Clever Cats Like Felix
Many have tried, but nobody has succeeded in taking his crown. The inimitable Cheeky Punt takes you through his weekly betting lows and highs with the original punting blog.
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Let's have it right. Last Saturday, 'Super Saturday', at the Olympics definitely deserves it's own place in the annals of British sporting greatness.
The start for me was anything but 'Super' however. I awoke in the spare room (always a bad sign) with a cartoon hangover and a yellow post-it note on the bathroom mirror from 'er indoors which read '5:15am??? CLOWN'.
I frantically tried to retrace my steps. I remember drinking gin and orange at home at tea-time on the Friday with 'The Sugarman', once of my oldest and most machiavellian friends.
From there I remember getting a taxi to The Whitehouse, one of Hartlepool's more salubrious peeving points and a drinking tavern where I hold the all-comers record for 'most service refusals due to condition'.
They were serving us on Friday night alright as I managed to wax £74 in there on my debit card. Alas the rest of the night is a blur, but I'm surmising from the post-it note that I didn't head straight home after 'The Whitey'.
Water, Haribos and McDonald's could not shift my hangover, but Mo Farah, Greg Rutherford and Jessica Ennis certainly could and after Farah produced that final lap to clinch gold and cap a truly mental 45 minutes of action for the hosts, I was up shadow boxing in my Team GB pork pie hat and all seemed right with the world again.
As a gambler there is nothing quite as enticing as watching a once great sportsman rolling back the years and going to the well one last time.
Be it Alex Higgins (on crutches) winning the 1989 Irish Open as a 33/1 shot, or Eric Bristow defying odds of 125/1 and reaching the final of the 1997 World Championships, there is something quite magical about seeing a legend produce a performance from memory.
However watching Felix Sanchez in the 400m hurdles on Monday night, eight years after his last Olympic triumph, had extra resonance.
The reason? I had £30 on him at 25/1. Now 'Super Felix' owes me precisely zero after winning me over 600 banjero's in Athens back in the dizzle.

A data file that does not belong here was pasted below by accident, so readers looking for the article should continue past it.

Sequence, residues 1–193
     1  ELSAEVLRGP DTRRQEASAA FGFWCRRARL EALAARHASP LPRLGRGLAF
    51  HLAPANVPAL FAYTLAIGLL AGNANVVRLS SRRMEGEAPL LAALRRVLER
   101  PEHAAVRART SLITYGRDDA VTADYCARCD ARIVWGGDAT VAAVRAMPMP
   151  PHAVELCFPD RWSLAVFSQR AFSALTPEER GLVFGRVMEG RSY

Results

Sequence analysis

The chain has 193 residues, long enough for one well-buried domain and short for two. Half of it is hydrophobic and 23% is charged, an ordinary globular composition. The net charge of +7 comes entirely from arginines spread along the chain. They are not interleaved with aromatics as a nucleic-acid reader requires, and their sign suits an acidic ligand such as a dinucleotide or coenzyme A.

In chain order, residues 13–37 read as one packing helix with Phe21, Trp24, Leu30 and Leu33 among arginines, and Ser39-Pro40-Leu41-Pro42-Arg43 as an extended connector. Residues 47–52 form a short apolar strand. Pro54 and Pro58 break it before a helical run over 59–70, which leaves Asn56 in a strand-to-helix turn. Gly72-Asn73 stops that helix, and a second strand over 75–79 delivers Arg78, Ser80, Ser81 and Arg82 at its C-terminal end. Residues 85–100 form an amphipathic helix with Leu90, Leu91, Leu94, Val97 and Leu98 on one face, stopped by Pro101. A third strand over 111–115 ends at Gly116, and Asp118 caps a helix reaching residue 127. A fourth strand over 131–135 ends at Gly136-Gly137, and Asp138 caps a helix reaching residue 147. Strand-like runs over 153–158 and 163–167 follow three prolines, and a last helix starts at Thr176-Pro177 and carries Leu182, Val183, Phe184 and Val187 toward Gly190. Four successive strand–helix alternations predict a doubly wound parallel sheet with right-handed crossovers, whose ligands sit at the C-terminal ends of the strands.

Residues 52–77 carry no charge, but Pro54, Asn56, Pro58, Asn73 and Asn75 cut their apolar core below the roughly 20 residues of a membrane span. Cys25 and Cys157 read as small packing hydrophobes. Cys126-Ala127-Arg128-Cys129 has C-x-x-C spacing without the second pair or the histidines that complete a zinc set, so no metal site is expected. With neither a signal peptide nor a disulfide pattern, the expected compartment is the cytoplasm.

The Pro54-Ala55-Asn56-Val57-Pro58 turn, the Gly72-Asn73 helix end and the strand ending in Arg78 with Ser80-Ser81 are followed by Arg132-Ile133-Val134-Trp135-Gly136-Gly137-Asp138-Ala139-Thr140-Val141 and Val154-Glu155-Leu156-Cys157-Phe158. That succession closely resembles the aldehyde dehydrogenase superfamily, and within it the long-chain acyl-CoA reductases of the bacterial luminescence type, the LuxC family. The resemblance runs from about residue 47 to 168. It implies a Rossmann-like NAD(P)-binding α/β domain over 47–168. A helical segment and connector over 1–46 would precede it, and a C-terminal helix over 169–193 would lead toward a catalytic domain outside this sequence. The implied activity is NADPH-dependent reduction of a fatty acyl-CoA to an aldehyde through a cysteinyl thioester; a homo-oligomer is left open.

He came into this event in poor form but I thought 25/1 quotes were an insult to a man who once went 43 races unbeaten at world level.
And so it proved. Indeed he ensured he would forever be remembered as my favourite ever Dominican after running 47:63, the exact same time he ran in when striking gold in Athens eight years ago.
Some called it karma. I called it 750 bangers courtesy of Billy Hill. Senor Sanchez, I salute thee.
Feeling imperious and not a little invincible after my Sanchez touch, I decided to treat myself on Tuesday with a nice £200 on Mexico to beat Japan at 6/4.
Hand on heart, I have not been feeling the football at the Olympics at all. Whether you think D Beckham should have been playing for Team GB or not, in my opinion it's all been a bit 'meh'.
However I defy a man not to get into a game when the financial swing is half a grand. It didn't start too well when Japan took the lead but Marco Fabian and Oribe Peralta gave the Mexicans a 2-1 lead.
I endured a nervy finish but justice was served when substitute Javier Cortes settled it in injury-time to put old Mey-He-Ho into the gold medal match and create a bit of history on two counts.
It was history for Mexico (their first ever Olympic final) and history for Cheeky (the first time I have ever done a somersault while sober in my garden while pretending to be Hugo Sanchez).
Cheeky's Punt of the Week: Andreas Thorkildsen to win men's javelin at 5/2 (Stan James)